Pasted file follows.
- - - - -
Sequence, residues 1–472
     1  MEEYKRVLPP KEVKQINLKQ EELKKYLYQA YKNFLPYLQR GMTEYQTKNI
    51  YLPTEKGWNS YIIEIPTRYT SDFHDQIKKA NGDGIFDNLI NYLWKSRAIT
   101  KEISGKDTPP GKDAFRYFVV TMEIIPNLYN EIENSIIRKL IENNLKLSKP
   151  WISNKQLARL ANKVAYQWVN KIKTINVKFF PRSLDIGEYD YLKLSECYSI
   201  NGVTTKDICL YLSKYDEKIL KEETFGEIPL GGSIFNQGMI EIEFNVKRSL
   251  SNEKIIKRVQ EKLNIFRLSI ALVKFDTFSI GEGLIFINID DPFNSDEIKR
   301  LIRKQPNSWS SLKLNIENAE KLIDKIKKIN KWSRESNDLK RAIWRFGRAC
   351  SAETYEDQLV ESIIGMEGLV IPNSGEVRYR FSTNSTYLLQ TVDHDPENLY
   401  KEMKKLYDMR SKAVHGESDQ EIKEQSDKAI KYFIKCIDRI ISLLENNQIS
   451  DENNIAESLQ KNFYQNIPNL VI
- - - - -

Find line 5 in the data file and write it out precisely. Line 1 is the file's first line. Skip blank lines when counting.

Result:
   151  WISNKQLARL ANKVAYQWVN KIKTINVKFF PRSLDIGEYD YLKLSECYSI